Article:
I’m interested in the group dynamic you have with Rangda. You have two other really strong players that can both play improvised music or play more composed pieces. How do you approach working with them and how is that different, say, from playing in Six Organs of Admittance?
The new Rangda record [Formerly Extinct] is really composed. The time signatures change from 9/4 to 12/4. We trade riffs back and forth. It’s not that proggy. You know, in prog music they’re always changing time signatures, but with the Rangda record it’s a lot smoother. It was definitely lot more difficult to play than the last record [2010’s False Flag], so it took a little bit more precision. With Six Organs, when I’m playing with the Comets guys, we have been playing for just so many years, everything just clicks in. With Rangda, everything clicks in but it’s a process of always listening to each other all the time. It’s way more of a conscious process. With the Comets guys its way more of a subconscious process. Listening back to the new record there’s all this interplay with Ethan that I wasn’t even aware of. I heard these guitars going back and forth. At time I didn’t even notice what we were doing.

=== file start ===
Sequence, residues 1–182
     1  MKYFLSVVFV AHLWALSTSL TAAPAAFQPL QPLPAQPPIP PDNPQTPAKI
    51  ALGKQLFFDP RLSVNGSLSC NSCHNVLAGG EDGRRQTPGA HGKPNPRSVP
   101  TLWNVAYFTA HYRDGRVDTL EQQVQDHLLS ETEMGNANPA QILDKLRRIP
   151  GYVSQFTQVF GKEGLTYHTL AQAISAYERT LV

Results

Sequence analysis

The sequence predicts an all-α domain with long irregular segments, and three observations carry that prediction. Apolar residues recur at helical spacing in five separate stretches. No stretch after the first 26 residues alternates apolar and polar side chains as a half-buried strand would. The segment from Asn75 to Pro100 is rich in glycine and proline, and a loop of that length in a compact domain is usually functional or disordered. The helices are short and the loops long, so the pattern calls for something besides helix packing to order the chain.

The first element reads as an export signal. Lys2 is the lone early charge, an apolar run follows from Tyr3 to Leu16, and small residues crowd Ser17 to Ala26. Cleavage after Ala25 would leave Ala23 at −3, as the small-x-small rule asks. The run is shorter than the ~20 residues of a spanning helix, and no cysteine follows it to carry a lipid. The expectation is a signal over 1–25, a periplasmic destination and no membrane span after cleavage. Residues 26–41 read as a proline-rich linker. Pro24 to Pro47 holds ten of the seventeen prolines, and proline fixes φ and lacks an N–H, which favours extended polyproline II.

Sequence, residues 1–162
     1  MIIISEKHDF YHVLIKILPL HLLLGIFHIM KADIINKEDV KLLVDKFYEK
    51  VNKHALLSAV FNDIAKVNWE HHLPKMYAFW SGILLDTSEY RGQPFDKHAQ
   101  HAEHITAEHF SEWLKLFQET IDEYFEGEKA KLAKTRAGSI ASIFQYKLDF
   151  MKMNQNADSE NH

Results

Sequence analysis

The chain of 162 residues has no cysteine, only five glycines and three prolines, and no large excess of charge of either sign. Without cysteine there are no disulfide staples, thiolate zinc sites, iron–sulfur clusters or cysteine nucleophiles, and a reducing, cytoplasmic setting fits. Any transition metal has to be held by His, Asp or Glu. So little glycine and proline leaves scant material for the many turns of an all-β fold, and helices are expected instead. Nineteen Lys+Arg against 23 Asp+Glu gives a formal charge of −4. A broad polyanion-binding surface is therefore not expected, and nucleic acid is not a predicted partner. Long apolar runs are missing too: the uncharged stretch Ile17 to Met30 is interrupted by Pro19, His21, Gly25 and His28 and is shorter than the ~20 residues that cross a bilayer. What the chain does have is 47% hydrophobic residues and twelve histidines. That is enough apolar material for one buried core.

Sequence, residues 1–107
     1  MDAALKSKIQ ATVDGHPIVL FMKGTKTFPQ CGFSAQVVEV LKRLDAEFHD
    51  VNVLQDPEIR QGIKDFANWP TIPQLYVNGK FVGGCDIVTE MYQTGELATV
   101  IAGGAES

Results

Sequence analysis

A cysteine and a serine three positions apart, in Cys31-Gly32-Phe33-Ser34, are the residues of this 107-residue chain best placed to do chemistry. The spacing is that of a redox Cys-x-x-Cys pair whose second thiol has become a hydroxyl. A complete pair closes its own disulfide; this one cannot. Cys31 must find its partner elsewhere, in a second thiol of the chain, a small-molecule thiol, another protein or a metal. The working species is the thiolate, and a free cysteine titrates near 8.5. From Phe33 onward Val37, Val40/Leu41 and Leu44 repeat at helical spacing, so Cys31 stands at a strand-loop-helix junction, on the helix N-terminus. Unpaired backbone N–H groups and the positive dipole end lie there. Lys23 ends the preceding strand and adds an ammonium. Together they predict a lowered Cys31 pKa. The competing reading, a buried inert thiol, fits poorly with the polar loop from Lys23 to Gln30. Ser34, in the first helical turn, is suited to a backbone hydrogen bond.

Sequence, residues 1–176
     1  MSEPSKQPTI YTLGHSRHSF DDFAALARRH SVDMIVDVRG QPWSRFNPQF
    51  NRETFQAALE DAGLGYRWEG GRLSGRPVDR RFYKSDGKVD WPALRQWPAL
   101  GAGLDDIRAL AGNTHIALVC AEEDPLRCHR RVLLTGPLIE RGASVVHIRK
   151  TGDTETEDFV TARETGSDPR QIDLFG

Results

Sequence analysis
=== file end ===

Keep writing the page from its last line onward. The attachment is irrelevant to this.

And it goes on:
I read that Ascent has a bit of science fiction theme, at least in the artwork and imagery. Could you elaborate on that?